Male blood donor turned away for refusing to say if he’s pregnant

Leslie pictured at home in Stirling (Picture: Robert Perry)

A male blood donor was turned away from a donation centre after refusing to indicate whether or not he was pregnant.

Leslie Sinclair, 66, has given a staggering 125 pints of blood over the course of nearly half a century.

But he was barred from doing so on his most recent trip to the Albert Halls clinic in Stirling, central Scotland, when staff insisted he answer every question on the paperwork.

They said the policy ‘promotes inclusiveness’, arguing it is not always clear if someone is pregnant.

Pregnant women or those with a child under six months are not allowed to give blood.

Mr Sinclair, a retired driver for an engineering company and father-of-two, said he has been donating since the age of 18 and has never had an issue.

Speaking to MailOnline, he went on: ‘There is always a form to fill in and that’s fine – they tend to ask about medical conditions or diseases – and clearly that’s because the blood needs to be safe.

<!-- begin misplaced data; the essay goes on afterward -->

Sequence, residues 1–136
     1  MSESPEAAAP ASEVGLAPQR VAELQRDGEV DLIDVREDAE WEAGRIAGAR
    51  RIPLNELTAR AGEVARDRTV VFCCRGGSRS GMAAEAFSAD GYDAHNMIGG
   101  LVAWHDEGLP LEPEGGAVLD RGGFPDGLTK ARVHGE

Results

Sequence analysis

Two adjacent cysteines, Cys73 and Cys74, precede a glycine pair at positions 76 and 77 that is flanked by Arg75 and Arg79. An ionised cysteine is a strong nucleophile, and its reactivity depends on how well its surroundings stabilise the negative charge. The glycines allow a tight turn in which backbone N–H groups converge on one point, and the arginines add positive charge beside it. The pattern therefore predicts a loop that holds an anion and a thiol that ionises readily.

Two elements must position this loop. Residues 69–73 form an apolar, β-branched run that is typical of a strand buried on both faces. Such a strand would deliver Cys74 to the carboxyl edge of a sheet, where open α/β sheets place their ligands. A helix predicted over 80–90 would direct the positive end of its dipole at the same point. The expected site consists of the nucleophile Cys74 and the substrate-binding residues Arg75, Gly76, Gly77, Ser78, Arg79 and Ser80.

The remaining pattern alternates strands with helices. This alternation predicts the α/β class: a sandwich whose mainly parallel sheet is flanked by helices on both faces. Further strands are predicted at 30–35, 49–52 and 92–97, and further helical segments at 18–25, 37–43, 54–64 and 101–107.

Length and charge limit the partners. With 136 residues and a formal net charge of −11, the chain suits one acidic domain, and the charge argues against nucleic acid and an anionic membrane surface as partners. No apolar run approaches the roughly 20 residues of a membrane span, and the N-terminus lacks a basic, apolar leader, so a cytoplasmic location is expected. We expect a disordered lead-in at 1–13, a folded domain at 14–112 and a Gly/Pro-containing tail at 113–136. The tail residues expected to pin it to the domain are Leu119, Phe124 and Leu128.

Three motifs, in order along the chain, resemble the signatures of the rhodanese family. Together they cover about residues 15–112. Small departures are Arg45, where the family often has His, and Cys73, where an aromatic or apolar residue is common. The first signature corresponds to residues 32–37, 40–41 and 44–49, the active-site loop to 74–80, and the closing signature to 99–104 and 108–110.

‘This time around, there was a question I hadn’t seen before: “Are you pregnant, or have you been in the last six months?” which required a yes or no answer.

‘It is nonsensical and it makes me angry because there are vulnerable people waiting for blood, including children, and in desperate need of help. But they’ve been denied my blood because of the obligation to answer a question that can’t possibly be answered.’

Mr Sinclair called the decision to bar him ‘nonsensical’ (Picture: Robert Perry)

Professor Marc Turner, director of the Scottish National Blood Transfusion Service, said: ‘We appreciate the support of each and every one of our donor community and thank Mr Sinclair for his commitment over a long number of years. 

‘Whilst pregnancy is only a relevant question to those whose biological sex or sex assigned at birth is female, sex assigned at birth is not always visually clear to staff.

‘As a public body we take cognisance of changes in society around how such questions may be asked without discrimination and have a duty to promote inclusiveness – therefore all donors are now asked the same questions.’

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